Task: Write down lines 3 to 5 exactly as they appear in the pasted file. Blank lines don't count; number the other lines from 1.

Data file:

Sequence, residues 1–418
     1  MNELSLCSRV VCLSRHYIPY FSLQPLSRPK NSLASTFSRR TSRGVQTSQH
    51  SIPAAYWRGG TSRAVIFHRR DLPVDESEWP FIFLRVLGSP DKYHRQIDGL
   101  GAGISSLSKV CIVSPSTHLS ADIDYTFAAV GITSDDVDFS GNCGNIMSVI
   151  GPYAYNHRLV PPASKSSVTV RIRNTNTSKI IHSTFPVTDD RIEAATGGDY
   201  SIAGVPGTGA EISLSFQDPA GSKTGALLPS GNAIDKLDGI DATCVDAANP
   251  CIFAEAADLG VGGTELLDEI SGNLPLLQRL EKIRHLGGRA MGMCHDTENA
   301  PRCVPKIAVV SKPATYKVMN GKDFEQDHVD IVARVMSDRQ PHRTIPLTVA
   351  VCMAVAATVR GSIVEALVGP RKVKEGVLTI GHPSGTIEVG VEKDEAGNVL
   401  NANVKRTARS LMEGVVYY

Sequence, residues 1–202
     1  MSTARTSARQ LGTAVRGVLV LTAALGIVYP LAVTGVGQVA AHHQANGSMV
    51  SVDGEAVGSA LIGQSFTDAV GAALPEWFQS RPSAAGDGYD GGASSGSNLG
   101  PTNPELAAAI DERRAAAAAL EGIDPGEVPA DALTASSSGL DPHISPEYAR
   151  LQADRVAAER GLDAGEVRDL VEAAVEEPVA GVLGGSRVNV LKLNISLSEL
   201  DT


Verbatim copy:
    51  SIPAAYWRGG TSRAVIFHRR DLPVDESEWP FIFLRVLGSP DKYHRQIDGL
   101  GAGISSLSKV CIVSPSTHLS ADIDYTFAAV GITSDDVDFS GNCGNIMSVI
   151  GPYAYNHRLV PPASKSSVTV RIRNTNTSKI IHSTFPVTDD RIEAATGGDY